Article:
experience we have focused on what can we do for our customers rather than asking customers what
do you want us to do for them. Fundamentally, the DTA should be setting the stage and providing the
delivery framework based on their discovery of what Australians want and their desired outcomes.
While I have an understanding of the DTA and some of the projects the DHS is working on, I and my
colleagues poorly understand how the DTA progresses a WofG outcome. I have canvassed colleagues
on their knowledge of Govpass, myGovID and Exchange and its importance in providing a platform for
a Digital Government that is a federal government goal to be in place by 2025. If the APS is to be in a
position to offer and provide meaningful and valued services, the foundation should include the APS
knowing the big picture and have a clear line of sight as to how we contribute to that delivery. It’s
disheartening that I learn more about my agency’s direction via news and editorial content from The
Mandarin publication, than I do from our own internal communications. I sincerely hope that the
DTA’s trajectory is exponentially visible in the very near future.
Following on from this is the most recent experience of the Opt Out of the My Health Records (MHR)
service. The communications management has resulted in a messy debacle where “tin hat wearing
media writers” have hijacked the message and have maligned the intent of the My Health Records
value. I would contend that the APS and policy makers have poorly understood the sentiment of both
healthcare professionals and the public. On the one hand, the success or failure of MHR significantly
rests with healthcare professionals.
The problem began well before the conception of MHR when Medicare introduced and encouraged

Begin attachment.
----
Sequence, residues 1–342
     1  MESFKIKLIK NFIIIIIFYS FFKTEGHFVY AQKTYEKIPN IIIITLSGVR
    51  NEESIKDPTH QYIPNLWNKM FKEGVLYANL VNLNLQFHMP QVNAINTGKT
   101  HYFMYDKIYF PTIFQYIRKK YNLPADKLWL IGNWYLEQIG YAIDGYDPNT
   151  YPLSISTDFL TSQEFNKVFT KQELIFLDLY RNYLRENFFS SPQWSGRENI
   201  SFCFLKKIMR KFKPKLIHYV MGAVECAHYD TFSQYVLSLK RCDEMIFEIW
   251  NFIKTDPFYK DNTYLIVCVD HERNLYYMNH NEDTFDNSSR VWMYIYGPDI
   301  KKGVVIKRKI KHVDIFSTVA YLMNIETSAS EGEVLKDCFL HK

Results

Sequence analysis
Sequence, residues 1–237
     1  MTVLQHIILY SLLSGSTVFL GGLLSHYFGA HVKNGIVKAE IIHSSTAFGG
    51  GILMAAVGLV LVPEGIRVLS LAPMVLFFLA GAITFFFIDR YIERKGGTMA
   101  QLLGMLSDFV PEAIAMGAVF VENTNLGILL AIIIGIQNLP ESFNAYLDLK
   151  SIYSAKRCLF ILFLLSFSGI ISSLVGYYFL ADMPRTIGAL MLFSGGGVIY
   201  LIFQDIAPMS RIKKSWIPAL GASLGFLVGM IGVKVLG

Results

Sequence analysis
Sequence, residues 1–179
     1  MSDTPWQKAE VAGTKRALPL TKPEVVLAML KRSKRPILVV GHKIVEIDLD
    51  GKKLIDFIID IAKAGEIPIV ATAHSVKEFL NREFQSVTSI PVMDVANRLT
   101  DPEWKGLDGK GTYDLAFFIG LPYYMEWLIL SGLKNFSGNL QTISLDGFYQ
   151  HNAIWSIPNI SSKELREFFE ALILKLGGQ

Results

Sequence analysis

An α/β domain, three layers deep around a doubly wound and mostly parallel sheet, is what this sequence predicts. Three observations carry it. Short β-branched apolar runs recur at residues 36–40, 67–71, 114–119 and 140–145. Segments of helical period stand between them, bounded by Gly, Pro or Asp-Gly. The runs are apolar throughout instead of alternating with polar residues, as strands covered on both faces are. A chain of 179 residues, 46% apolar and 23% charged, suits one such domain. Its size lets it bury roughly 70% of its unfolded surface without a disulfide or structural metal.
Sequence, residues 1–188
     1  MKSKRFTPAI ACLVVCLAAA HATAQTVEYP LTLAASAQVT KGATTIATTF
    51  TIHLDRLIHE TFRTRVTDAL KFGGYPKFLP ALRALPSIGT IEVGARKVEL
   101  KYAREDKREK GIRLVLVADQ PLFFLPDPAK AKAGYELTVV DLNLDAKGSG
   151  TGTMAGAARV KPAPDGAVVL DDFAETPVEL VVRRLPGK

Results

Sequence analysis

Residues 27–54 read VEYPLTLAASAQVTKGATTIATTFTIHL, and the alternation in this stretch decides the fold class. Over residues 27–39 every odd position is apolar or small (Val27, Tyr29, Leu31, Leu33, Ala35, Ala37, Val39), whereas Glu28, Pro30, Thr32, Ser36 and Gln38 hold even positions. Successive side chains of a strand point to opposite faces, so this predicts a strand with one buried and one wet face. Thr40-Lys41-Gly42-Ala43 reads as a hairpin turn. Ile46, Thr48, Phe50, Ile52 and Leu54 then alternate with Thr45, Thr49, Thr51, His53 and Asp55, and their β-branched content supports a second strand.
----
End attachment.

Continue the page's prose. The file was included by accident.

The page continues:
the use of digital channels to submit claims for Medicare Benefit payments. We have a digital
landscape that includes over one thousand software products used by healthcare professionals to
initiate a digital transaction with Medicare and other programmes within the Health Service Delivery
branch. This has resulted in an astonishingly complex and bespoke IT system that has grown
patchwork solutions over several decades. The task currently before DHS-Medicare cannot be
understated, yet the political will of successive governments to provision the APS adequately has
yielded an IT behemoth no one wants nor has the courage to address. Our most recent federal election
was to conjure thoughts of corporatising and privatising Medicare to the horror of must Australians.
That 97 percent of all Medicare transactions are digital is nothing short of miraculous.
The Australian Digital Health Agency is a very recent addition to the public service and has
insurmountable challenges to somehow unify the health industries IT expectations. That the MHR
system is designed to use the very same clinical software that healthcare providers use for their client
records and Medicare online claims only highlights the diversity of software offerings. A comparative
few are MHR compliant and this very problem compromises the support of the MHR. In the above
outline the question that arises is does the responsibility of a complex health landscape reside within
the public service or with successive parliamentary representatives that have prevented the ‘health
football’ from ever reaching the try line or being converted to achieve a game winning score. It is
disheartening both as a customer and an APS employee to experience the undermining of confidence
in our health sector. The ADHA needs to be supported both at a political and APS level to fully research
the health sector from a Digital Government perspective and drive an alignment of policy, procedures,
and IT systems.
In conclusion and despite my critique of the current landscape, I have confidence that the APS does
have the capacity to serve our citizens well. I am also tentatively optimistic that the transition to a
Digital Government will afford the APS to be frank and fearless in addressing the issues that have thus
far frustrated those whom we serve.